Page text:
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A particle of mass $m$ moves in a 1 dimensional potential $V(x)$, which vanishes at infinity. The exact ground state eigenfunction is $\phi(x)=A\operatorname{sech}(\lambda x)$, where A and λ are constants.

Using Schrodinger equation in one dimension, I found my answer to be negative, can the ground state energy be negative? Or I am making some mistake while calculating it?

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  • $\begingroup$ depending on the potential, the energy can be negative which may be a manifestation of a bound state. $\endgroup$ – physicopath Jan 8 '18 at 8:33
  • $\begingroup$ But here type of potential is unknown, then how can we say that? And if the ground state energy is negative then that state is bounded which means what? $\endgroup$ – Prashant Kumar Jan 8 '18 at 8:43
  • $\begingroup$ I suggest you to have a look at, for example, quantum mechanical derivation of eigenfunctions and eigenenenergies for hydrogen atom (see feynmanlectures.caltech.edu/III_19.html). Keep in mind that to solve the SE you need to know the potential. If in your question the wave function is a given then it suggests that someone "knew" the potential and solved the SE and got the wave function. Bound state, again referring to hydrogen atom, means that a state in which the electron will be bound to the nucleus, that is, proton. $\endgroup$ – physicopath Jan 8 '18 at 8:58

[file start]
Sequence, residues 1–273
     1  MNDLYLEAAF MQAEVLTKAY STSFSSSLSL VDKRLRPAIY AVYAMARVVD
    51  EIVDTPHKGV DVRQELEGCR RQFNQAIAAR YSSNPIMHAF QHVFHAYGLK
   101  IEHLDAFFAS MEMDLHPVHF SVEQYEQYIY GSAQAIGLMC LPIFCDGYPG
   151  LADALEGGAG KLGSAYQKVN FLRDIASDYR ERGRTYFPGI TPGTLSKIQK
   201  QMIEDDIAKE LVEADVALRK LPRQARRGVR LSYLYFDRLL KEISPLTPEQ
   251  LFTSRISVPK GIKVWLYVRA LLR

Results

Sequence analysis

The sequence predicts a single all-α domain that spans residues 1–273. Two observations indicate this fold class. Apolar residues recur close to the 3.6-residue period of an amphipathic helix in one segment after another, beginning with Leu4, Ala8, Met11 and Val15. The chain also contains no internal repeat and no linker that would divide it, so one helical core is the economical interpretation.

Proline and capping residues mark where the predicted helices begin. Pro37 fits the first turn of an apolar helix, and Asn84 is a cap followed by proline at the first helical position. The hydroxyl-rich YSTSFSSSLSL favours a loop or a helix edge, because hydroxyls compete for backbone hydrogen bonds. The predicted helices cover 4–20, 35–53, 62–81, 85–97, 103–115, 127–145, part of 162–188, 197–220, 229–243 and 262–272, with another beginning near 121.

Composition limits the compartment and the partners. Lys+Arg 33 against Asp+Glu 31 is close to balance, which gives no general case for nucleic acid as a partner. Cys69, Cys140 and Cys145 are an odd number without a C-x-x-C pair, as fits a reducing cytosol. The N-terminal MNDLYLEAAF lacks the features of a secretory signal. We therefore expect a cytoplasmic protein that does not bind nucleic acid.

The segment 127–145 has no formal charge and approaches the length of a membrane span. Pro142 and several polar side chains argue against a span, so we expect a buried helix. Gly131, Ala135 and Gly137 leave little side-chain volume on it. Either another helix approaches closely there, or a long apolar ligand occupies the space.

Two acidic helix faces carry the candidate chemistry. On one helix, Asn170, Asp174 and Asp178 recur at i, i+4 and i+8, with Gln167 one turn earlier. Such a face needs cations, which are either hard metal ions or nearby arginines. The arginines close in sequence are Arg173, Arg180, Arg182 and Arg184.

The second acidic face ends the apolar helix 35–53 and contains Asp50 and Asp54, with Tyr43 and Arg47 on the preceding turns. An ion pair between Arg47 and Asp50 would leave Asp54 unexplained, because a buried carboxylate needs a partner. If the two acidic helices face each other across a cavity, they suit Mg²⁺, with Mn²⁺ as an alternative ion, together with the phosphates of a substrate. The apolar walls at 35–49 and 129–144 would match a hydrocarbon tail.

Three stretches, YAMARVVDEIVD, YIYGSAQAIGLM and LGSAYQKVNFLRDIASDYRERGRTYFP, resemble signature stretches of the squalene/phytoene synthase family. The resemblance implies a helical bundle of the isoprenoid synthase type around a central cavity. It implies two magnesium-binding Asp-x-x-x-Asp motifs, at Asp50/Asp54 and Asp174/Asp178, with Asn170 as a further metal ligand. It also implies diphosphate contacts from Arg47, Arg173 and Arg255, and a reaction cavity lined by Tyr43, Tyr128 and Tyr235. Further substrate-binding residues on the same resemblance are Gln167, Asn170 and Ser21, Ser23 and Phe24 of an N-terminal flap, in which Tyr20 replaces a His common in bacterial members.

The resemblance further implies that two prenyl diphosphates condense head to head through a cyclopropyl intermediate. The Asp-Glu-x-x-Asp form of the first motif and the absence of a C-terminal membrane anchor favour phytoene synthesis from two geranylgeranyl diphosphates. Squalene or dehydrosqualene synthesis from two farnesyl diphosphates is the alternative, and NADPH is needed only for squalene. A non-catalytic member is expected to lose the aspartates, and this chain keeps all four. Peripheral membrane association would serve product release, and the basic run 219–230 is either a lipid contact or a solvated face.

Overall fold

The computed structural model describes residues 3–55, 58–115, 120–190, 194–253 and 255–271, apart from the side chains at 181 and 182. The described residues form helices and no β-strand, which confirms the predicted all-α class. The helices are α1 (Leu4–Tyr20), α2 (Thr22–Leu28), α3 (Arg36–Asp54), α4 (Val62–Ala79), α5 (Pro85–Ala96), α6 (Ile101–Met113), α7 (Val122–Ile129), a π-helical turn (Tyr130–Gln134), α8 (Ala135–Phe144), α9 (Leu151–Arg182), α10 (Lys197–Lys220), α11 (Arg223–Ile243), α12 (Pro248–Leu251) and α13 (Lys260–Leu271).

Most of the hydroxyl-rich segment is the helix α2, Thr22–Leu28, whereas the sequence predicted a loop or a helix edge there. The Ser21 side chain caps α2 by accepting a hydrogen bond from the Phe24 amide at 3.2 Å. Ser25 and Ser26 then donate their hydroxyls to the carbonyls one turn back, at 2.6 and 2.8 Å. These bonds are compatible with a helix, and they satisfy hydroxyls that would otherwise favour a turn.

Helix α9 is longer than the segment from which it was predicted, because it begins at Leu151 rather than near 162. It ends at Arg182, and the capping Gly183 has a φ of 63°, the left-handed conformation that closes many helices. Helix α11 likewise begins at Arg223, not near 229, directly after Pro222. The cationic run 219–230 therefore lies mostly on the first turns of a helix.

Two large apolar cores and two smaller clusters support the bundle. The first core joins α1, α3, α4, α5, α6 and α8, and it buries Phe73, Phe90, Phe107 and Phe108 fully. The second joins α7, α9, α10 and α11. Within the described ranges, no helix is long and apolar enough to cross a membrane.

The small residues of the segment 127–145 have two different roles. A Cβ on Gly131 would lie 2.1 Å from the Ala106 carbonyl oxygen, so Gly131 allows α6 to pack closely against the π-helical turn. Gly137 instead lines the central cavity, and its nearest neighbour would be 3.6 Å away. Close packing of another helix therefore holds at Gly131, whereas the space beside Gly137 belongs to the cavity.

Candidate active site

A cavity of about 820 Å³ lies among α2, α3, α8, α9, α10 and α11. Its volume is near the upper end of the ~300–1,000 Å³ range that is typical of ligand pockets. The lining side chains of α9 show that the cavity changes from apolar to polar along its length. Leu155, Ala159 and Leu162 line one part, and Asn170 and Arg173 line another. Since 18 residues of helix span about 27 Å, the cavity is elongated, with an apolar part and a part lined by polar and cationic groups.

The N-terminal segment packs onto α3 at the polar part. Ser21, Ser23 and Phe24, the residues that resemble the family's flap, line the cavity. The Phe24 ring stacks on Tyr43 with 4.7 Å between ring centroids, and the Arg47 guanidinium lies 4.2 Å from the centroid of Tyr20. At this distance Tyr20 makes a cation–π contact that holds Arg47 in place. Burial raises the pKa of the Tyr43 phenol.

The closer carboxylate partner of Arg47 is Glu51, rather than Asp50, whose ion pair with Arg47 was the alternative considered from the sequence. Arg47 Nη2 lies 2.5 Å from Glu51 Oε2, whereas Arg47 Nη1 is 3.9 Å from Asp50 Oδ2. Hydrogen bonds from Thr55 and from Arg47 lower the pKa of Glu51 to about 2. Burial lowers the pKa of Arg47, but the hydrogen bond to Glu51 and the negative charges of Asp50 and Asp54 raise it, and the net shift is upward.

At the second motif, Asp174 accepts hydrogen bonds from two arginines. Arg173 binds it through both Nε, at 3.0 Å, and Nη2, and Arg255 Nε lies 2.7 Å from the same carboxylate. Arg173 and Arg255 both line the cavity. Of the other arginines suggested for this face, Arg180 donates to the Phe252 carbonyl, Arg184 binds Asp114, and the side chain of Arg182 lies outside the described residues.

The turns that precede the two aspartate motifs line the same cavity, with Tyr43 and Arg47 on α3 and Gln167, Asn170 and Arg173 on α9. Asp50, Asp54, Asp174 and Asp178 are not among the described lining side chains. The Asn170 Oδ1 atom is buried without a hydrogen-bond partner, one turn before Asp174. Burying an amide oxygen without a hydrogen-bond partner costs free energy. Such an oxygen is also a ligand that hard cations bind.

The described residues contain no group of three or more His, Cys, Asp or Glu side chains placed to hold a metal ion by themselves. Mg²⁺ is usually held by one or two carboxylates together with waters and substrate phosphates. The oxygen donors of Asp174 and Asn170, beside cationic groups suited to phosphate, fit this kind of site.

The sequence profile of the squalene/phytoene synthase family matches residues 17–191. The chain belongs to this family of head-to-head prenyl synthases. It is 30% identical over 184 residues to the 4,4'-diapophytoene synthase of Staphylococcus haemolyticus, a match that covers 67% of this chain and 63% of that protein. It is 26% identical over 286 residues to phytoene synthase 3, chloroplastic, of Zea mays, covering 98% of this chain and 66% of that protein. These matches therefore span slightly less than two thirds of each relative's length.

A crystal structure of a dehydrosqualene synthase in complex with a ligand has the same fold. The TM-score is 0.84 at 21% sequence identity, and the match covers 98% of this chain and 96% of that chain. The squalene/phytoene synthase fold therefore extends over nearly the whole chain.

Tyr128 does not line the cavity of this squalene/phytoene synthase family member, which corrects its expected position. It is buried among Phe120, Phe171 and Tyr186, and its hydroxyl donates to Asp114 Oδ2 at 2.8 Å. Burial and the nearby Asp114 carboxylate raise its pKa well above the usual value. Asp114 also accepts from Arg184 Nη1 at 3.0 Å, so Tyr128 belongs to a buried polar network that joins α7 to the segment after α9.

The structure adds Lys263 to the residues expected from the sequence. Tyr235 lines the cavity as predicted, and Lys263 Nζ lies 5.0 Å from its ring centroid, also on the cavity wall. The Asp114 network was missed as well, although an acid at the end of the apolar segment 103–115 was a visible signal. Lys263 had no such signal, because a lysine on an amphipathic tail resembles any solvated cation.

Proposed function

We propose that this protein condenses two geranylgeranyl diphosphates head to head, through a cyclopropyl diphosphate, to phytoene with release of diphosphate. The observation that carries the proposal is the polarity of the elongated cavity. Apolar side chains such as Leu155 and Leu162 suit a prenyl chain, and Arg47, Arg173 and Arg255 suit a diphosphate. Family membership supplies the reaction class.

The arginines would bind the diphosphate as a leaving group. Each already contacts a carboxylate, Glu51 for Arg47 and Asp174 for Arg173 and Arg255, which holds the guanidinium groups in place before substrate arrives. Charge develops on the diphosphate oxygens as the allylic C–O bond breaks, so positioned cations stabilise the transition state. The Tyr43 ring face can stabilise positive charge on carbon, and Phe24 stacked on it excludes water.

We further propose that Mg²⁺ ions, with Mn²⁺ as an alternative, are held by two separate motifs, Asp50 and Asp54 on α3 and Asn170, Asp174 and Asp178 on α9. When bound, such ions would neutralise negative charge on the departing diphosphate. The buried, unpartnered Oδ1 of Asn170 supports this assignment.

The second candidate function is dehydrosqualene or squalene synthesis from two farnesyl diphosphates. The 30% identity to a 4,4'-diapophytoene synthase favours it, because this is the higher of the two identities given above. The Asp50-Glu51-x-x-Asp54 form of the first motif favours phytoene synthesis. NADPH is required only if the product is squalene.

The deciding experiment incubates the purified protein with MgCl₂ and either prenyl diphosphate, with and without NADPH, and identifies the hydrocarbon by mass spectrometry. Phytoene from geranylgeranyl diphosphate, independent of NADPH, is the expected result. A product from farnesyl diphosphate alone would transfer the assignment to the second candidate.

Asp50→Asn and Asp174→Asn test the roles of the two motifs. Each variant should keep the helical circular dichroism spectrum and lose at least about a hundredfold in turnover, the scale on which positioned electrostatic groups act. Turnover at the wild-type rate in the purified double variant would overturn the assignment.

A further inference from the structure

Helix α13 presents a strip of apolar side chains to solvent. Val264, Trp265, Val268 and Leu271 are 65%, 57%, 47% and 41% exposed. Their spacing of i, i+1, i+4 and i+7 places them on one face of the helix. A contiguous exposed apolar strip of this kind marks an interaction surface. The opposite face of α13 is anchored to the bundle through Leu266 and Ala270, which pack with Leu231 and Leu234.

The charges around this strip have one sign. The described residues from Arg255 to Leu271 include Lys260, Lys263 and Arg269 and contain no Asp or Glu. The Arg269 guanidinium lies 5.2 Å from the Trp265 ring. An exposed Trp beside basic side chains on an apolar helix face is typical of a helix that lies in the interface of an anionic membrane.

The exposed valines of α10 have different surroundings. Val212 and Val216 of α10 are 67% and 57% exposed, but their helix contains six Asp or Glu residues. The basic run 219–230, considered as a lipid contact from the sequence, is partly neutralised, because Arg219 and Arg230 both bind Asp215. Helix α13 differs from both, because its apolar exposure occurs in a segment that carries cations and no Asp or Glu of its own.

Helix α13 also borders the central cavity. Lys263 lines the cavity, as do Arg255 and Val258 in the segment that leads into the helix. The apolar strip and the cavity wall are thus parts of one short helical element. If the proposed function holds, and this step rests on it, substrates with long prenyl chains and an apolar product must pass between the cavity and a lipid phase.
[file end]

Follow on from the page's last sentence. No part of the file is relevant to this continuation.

• $\begingroup$ I tried to calculate the ground state energy. First I took the second order derivative, substituted it into the SE and imposed the boundary condition , V(x) goes to zero as x approaches infinity then i got the solution to be negative. $\endgroup$ – Prashant Kumar Jan 8 '18 at 9:03
  • $\begingroup$ All right. I do not think I understand the details of your question exactly nevertheless having the energy negative itself can not be sign of mistake. $\endgroup$ – physicopath Jan 8 '18 at 9:18
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If $\lim_{|{\bf r}|\to\infty}V({\bf r})=0$ asymptotically, then the bound states have negative energy $E_n<0$. In particular, the ground state energy $E_0$ would be non-positive. This is e.g. the case for hydrogen-like atoms.

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